for the lives liberty and property of
 the American people in the U.S. against the risk of attack by a foreign
power. This objective should be
 achieved as inexpensively as possible and without undermining the liberties
it is designed to protect.
   We recognize that the one significant existing risk of foreign aggression
against Americans is the huge Soviet
arsenal of nuclear weapons. The potential use of Soviet, and U.S., nuclear
weapons is the greatest threat to all
the peoples of the world, not only Americans. Thus, the objective should
be to reduce the risk that a nuclear
war might begin and its scope if it does.
  We reject the policy of massive nuclear retaliation known as Mutual Assured
Destruction (MAD), a policy
which ostensibly deters an attack by threatening to kill hundreds of millions
of innocent people in the attack-
er's country and utterly destroy its society. MAD is immoral on its face
and impractical because neither the
U.S. nor the Soviet government continues to believe in its credibility. Furthermore,
MAD provides no defense
against irrational or accidental nuclear attack.
  We call on both the U.S. and Soviet governments to continue negotiations
toward mutual reduction of
nuclear armaments, to the end that all such weapons will ultimately be eliminated,
under such conditions of
verification as to ensure mutual security. During arms reduction negotiations,
and to enhance their progress,
the U.S. should begin the retirement of some of its nuclear weapons as proof
of its commitment. Because the
U.S. has many more thousands of nuclear weapons than are currently required,
beginning the process of arms
reduction would not jeopardize American security..U.S. weapons of indiscriminate
mass destruction should
be replaced with smaller weapons aimed solely at military targets and not
designed or targeted to kill millions
of civilians.
  We call on the U.S. government to remove its nuclear weapons from Europe.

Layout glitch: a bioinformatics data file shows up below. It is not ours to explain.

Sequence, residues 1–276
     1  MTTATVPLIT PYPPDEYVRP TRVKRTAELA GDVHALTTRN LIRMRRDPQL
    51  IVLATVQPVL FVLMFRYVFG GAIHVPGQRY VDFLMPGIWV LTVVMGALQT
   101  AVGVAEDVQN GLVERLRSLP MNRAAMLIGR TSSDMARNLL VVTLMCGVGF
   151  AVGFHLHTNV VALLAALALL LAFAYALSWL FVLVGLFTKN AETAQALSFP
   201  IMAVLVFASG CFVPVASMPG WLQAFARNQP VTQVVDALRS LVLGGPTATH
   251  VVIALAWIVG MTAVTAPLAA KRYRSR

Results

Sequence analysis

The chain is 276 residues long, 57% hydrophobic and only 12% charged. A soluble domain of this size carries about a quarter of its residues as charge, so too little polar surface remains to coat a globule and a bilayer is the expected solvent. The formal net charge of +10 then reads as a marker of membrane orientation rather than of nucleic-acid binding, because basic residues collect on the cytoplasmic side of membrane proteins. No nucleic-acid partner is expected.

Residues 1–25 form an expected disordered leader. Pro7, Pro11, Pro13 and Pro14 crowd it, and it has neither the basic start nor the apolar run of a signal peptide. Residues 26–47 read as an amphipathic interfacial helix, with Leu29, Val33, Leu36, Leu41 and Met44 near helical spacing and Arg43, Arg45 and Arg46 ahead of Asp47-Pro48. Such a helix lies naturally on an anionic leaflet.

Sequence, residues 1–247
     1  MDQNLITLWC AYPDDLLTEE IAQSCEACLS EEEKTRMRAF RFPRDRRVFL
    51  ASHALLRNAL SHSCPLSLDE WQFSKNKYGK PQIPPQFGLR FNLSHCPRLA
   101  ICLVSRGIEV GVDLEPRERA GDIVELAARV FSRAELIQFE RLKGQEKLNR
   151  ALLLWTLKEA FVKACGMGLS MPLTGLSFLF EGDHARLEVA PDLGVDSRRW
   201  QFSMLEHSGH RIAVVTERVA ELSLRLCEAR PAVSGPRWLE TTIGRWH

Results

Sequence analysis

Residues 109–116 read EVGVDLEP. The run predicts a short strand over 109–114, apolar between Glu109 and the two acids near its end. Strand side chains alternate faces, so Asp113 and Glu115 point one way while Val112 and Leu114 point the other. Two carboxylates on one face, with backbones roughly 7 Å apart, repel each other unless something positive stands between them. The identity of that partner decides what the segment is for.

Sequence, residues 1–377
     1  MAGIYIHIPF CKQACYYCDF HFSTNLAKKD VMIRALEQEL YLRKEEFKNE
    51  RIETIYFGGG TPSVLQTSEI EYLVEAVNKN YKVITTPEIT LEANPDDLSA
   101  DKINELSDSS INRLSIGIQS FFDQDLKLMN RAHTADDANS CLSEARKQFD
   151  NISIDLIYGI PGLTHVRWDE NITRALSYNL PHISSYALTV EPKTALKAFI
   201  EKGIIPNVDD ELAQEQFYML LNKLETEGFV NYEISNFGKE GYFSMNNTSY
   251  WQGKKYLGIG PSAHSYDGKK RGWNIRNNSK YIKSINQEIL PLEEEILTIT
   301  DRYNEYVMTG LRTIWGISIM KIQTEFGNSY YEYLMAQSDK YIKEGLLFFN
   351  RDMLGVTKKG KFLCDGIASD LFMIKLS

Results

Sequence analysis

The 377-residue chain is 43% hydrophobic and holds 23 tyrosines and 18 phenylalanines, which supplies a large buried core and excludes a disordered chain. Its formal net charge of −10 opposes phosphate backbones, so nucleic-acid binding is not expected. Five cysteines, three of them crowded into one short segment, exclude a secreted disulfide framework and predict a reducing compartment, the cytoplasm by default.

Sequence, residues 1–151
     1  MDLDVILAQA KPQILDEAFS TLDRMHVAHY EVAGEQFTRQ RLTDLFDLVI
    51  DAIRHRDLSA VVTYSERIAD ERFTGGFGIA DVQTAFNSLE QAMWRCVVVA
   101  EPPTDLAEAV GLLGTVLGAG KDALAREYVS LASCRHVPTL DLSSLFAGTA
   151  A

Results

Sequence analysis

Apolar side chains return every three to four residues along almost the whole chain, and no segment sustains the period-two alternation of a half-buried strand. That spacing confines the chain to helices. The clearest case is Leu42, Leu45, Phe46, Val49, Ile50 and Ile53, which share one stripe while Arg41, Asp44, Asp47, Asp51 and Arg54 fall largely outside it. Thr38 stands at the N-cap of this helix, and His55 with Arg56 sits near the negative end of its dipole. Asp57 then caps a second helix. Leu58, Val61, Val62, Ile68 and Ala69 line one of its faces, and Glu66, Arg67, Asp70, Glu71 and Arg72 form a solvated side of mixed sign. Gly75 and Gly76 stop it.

If European countries want
nuclear weapons on their soil, they should take full responsibility for them
and pay the cost.
  We call for the replacement of MAD, or nuclear war fighting policies, with
a policy of developing cost-
effective defensive systems. Accordingly, we advocate termination of the
1972 ABM treaty or any future
agreement which would prevent defensive systems on U.S. territory or in earth
  We call for the withdrawal of all American military personnel stationed
abroad, including the countries of
NATO Europe, Japan, the Philippines Central America and South Korea. There
is no current or foreseeable
risk of any conventional military attack on the American people, particularly
from long distances. We call for
the withdrawal of the U.S. from commitments to engage in war on behalf of
other governments and for
abandonment of doctrines supporting military intervention such as the Monroe
Doctrine and the Reagan
  We call for the reform of the Presidential War Powers Act to end the President's
power to initiate military
action, and for the abrogation of all Presidential declarations of "states
of emergency." There must be no
further secret commitments and unilateral acts of military intervention by
the Executive Branch.
   We favor a Constitutional amendment limiting the presidential role as
Commander-in-Chief to its original
meaning, namely that of the head of the armed forces in wartime. The Commander-in-Chief
role, correctly
understood, confers no additional authority on the President.